Article
PurposeTo describe concisely the current standards of care, major recent advances, common beliefs that have been contradicted by recent trials, areas of uncertainty, and clinical studies that need to be performed over the next decade and their expected outcomes with regard to Candida and Aspergillus infections in non-neutropenic patients in the ICU setting. MethodsA systematic review of the medical literature taking account of national and international guidelines and expert opinion. ResultsSevere invasive fungal infections (IFIs) are becoming increasingly frequent in critically ill patients. Approximately 80% of IFIs are due to Candida spp. and 0.3–19% to Aspergillus spp. Recent observations emphasize the necessity of building a worldwide sentinel network to monitor the emergence of new fungal species and changes in susceptibility. Robust data on the attributable mortality are essential for the design of clinical studies with mortality endpoints. Although early antifungal therapy for Candida has been recommended in patients with risk factors, sepsis of unknown cause, and positive Candida serum biomarkers [β-1 → 3-d-glucan (BDG) and Candida albicans germ tube antibody (CAGTA)], its usefulness and influence on outcome need to be confirmed. Future studies may specifically address the optimal diagnostic and therapeutic strategies for patients with abdominal candidiasis. Better knowledge of the pharmacokinetics of antifungal molecules and tissue penetration is a key issue for intensivists. Regarding invasive aspergillosis, further investigation is needed to determine its incidence in the ICU, its relationship with influenza outbreaks, the clinical impact of rapid diagnosis, and the significance of combination treatment. Conclusions Fundamental questions regarding IFI have to be addressed over the next decade. The clinical studies described in this research agenda should provide a template and set priorities for the clinical investigations that need to be performed.
Article
Mice were used to examine how the administration of adrenaline modulates the host defense system. The levels of granulocyte and lymphocyte subsets, including extrathymic T cells, were identified by immunofluorescence tests. When mice were continuously administered with adrenaline (400 μg/mouse/week) by a diffusion pump for 1 week, the numbers of mononuclear cells yielded by the liver, spleen, and bone marrow were relatively stable but that yielded by the thymus decreased on day 7. The proportion of granulocytes, especially in the bone marrow, and the proportion of CD3(int) cells (extrathymic T cells) in the liver and other organs increased. By a single intraperitoneal injection of adrenaline (20 μg/mouse), the acute response within 24 h was also examined. The number and proportion of granulocytes in the bone marrow decreased while those in the blood increased. It is presumed that the major result of the acute response is a migration of granulocytes from the bone marrow to the circulation. Concerning the similarity of responses between the administration of adrenaline and the previously reported results of excessive administrations of nonsteroidal anti-inflammatory drugs or calcitonin and from restraint stress, this raises the possibility that all these stimuli, which induce the activation of granulocytes and extrathymic T cells, are mediated via the production of catecholamines as a result of sympathetic nerve strain.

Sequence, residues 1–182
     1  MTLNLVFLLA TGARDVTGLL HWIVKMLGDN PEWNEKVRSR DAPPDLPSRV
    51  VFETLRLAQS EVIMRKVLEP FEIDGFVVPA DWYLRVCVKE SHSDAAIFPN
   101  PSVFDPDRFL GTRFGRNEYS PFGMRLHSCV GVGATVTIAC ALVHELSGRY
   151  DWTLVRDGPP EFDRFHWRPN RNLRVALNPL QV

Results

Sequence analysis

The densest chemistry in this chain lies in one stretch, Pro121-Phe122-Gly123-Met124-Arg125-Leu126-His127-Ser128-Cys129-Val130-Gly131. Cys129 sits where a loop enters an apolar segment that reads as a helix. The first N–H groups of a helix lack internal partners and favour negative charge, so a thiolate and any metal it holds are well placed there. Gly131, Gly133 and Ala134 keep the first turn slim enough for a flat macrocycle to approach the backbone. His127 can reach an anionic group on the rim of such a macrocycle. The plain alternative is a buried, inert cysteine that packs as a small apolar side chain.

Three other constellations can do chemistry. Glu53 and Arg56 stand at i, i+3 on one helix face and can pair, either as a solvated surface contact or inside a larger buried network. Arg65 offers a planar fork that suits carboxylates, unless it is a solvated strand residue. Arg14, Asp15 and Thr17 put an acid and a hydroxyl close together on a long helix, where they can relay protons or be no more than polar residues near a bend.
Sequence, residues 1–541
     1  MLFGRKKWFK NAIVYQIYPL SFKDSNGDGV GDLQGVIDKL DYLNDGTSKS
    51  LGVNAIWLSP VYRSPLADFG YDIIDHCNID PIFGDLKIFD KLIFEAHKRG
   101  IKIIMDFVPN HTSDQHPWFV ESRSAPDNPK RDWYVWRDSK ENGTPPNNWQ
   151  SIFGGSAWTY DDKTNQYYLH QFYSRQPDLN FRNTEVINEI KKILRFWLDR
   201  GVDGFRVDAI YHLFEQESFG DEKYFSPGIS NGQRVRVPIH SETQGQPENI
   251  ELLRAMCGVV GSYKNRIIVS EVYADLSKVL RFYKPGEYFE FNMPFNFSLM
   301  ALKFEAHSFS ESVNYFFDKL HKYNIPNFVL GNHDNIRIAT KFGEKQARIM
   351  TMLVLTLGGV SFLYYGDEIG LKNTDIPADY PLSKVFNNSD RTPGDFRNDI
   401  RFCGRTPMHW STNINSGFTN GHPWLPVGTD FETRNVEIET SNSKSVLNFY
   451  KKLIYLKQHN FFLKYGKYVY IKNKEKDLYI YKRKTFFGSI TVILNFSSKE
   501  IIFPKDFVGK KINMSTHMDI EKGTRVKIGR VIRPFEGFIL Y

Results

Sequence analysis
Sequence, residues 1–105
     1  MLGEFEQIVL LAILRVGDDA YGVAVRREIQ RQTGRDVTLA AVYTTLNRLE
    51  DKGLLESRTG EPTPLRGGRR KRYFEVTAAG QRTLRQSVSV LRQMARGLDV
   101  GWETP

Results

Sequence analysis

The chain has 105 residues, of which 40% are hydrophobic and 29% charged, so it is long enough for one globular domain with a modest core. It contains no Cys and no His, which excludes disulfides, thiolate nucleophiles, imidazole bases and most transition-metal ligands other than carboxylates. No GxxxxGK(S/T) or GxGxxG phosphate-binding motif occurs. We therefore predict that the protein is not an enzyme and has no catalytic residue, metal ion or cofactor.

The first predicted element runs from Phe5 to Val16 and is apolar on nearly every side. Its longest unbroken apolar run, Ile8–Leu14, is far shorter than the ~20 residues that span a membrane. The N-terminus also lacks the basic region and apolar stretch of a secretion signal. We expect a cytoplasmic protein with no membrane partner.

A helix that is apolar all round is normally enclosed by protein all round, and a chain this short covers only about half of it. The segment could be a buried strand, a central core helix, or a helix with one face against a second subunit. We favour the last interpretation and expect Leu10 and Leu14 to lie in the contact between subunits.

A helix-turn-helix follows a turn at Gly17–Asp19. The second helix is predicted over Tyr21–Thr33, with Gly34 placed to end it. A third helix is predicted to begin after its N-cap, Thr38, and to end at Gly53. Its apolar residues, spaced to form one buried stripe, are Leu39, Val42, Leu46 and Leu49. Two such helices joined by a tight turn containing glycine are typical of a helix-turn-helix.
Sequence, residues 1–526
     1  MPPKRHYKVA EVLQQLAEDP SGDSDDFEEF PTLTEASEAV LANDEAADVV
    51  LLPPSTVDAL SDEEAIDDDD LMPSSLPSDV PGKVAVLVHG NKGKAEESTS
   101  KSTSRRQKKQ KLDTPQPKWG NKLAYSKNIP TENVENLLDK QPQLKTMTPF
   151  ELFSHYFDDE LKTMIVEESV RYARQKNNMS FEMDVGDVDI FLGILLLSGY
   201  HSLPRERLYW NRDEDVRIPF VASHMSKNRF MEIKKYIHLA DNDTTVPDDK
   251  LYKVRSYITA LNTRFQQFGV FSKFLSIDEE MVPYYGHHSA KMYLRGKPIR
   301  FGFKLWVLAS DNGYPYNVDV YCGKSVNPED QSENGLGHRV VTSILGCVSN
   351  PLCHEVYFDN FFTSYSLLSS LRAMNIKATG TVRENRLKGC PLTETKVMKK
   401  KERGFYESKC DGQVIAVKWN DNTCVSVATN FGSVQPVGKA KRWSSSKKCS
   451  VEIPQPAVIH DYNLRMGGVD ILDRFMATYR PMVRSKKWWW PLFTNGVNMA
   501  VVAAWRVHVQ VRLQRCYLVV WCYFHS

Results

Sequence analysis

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Immune responses during fungal infections are predominately mediated by 5/15-lipoxygenases (LO)- or cyclooxygenase (COX)-2-catalysed bioactive eicosanoid metabolites like leukotrienes, lipoxins and prostaglandins. Although few host mediators of fungi-triggered eicosanoid production have been established, the molecular mechanism of expression and regulation of 5-LO, 15-LO and COX-2 are not well-defined. Here, we demonstrate that, macrophages infected with representative fungi Candida albicans, Aspergillus flavus or Aspergillus fumigatus or those treated with Curdlan, a selective agonist of pattern recognition receptor for fungi Dectin-1, displays increased expression of 5-LO, 15-LO and COX-2. Interestingly, Dectin-1-responsive Syk pathway activates mTOR-sonic hedgehog (SHH) signaling cascade to stimulate the expression of these lipid metabolizing enzymes. Loss-of-function analysis of the identified intermediaries indicates that while Syk-mTOR-SHH pathway-induced 5-LO and 15-LO suppressed the Dectin-1-responsive pro-inflammatory signature cytokines like TNF-α, IL-1β and IL-12, Syk-mTOR-SHH-induced COX-2 positively regulated these cytokines. Dectin-1-stimulated IL-6, however, is dependent on 5-LO, 15-LO and COX-2 activity. Together, the current study establishes Dectin-1-arbitrated host mediators that direct the differential regulation of immune responses during fungal infections and thus are potential candidates of therapeutic intervention.
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Influence of a relatively specific inhibitor cyclooxygenase (COX)-2, celecoxib, a relatively specific inhibitor of neuronal nitric oxide synthase (NOS), 7-Ni, and a relatively selective inhibitor of inducible NOS, L-NIL, on the action of a preferentially selective CB1 cannabinoid receptor agonist, Met-F-AEA and a selective CB2 cannabinoid receptor agonist, AM 1241 was investigated, in a streptozotocin (STZ)-induced neuropathy. Studies were performed on male Wistar rats. Changes in nociceptive thresholds were determined using mechanical stimuli - the modification of the classic paw withdrawal test described by Randall-Selitto. Diabetes was induced by a single administration of STZ. In a diabetic neuropathic pain model, pretreatment with celecoxib, L-NIL and 7-Ni, significantly increased the antihyperalgesic activity of both Met-F-AEA and AM 1241. The results of this study seemed to indicate that the interaction between cannabinoid, COX-2 and NOS(s) systems might exist. Concomitant administration of small doses of CB1 and/or CB2 receptor agonists and COX-2 or NOS inhibitors can be effective in the alleviation of diabetic neuropathic pain. Copyright © 2014 Institute of Pharmacology, Polish Academy of Sciences. Published by Elsevier Urban & Partner Sp. z o.o. All rights reserved.